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How to write code that returns (Rmarkdown) code

R

One of the most useful aspects of using a programming language instead of… well, not using a programming language, is that you can write code in a way that minimizes, and ideally, eliminates the need to repeat yourself.

For instance, you can write a function to show you a frequency table, like so:

suppressMessages(library(dplyr))

create_table <- function(dataset, var){

  var <- enquo(var)

  dataset %>%
    count(!!var) %>%
    knitr::kable()

}

And can now get some fancy looking tables by simply writing:

create_table(mtcars, cyl)
cyl n
4 11
6 7
8 14

If I want such tables for hundreds of columns, I can use this function and loop over the columns and not have to write the code inside the body of the function over and over again. You’ll notice that the function create_table() makes use of some advanced programming techniques I have discussed here. There’s also an alternative way of programming with {dplyr}, using the {{}} construct I discussed here, but I couldn’t get what I’m going to show you here to work with {{}}.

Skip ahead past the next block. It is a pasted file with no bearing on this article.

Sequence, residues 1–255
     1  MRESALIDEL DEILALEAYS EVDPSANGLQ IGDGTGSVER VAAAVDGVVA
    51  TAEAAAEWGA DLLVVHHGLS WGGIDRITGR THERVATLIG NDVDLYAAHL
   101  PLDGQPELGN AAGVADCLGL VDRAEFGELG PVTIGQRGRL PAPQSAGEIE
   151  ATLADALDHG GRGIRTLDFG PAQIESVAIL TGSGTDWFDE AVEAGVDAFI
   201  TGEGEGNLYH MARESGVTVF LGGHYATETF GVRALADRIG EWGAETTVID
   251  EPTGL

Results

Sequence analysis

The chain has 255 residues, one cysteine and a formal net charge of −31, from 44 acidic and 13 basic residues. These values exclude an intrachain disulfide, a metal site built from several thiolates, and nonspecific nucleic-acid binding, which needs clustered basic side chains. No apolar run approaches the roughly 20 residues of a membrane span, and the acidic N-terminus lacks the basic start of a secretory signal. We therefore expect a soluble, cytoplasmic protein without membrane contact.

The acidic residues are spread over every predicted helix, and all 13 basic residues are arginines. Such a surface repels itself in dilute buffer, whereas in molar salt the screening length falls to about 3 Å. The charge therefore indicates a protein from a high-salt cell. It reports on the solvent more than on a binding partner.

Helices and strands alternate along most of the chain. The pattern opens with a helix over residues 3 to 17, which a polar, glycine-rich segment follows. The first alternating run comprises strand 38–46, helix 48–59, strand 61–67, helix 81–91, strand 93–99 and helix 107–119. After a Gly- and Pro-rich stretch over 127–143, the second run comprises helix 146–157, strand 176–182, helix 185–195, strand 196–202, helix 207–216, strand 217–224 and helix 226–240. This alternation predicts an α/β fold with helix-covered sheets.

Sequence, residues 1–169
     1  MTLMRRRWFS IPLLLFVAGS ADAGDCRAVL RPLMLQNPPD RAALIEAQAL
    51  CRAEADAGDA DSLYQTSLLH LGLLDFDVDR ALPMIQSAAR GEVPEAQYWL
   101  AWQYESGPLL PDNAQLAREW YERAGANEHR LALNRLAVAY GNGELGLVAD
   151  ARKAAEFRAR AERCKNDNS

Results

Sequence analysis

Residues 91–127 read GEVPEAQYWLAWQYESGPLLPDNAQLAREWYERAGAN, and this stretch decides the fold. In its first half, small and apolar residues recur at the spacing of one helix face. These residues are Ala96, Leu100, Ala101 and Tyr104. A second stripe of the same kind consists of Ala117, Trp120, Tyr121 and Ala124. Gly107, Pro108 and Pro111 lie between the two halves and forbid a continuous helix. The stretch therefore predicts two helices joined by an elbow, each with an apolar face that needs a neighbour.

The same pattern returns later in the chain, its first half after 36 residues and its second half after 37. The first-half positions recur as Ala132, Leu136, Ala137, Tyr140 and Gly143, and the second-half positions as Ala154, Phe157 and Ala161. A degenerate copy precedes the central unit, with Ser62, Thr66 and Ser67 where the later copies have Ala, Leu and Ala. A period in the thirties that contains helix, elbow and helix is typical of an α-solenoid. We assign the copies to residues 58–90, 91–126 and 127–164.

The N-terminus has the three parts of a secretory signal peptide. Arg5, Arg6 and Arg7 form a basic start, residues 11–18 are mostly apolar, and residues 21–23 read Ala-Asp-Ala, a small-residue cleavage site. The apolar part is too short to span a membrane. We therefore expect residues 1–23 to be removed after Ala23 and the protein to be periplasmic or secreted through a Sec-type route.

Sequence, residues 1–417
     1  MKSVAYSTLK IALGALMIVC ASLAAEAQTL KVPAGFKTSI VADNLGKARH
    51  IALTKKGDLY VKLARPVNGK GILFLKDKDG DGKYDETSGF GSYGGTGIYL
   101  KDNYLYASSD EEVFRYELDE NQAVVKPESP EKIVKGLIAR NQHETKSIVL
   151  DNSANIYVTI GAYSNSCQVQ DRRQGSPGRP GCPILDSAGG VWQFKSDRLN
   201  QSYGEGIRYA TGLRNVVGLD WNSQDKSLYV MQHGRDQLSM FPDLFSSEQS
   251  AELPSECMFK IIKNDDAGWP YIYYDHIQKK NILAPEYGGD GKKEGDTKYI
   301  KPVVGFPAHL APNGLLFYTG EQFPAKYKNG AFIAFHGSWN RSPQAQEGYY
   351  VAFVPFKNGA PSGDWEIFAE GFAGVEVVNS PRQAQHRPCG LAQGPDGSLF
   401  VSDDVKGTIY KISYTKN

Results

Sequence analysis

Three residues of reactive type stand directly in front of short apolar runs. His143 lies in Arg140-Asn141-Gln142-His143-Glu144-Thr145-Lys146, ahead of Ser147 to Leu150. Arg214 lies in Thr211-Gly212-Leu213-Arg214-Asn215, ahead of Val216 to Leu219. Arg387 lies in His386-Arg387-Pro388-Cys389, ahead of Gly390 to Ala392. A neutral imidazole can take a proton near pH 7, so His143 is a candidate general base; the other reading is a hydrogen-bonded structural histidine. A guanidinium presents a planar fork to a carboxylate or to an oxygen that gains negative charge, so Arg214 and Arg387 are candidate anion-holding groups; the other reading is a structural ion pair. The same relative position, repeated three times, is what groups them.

Recently, I had to create a Rmarkdown document with many sections, where each section title was a question from a survey and the content was a frequency table. I wanted to write a fuction that would create a section with the right question title, and then show the table, and I wanted to then call this function over all the questions from the survey and have my document automatically generated.

The result should look like this, but it would be a PDF instead of HTML.

Let’s first load the data and see how it looks like:

library(dplyr)
library(purrr)
library(readr)

suppressMessages(
  survey_data <- read_csv(
    "https://gist.githubusercontent.com/b-rodrigues/0c2249dec5a9c9477e0d1ad9964a1340/raw/873bcc7532b8bad613235f029884df1d0b947c90/survey_example.csv"
  )
)

glimpse(survey_data)
## Rows: 100
## Columns: 4
## $ `Random question?`                         <chr> "no", "yes", "yes", "yes", …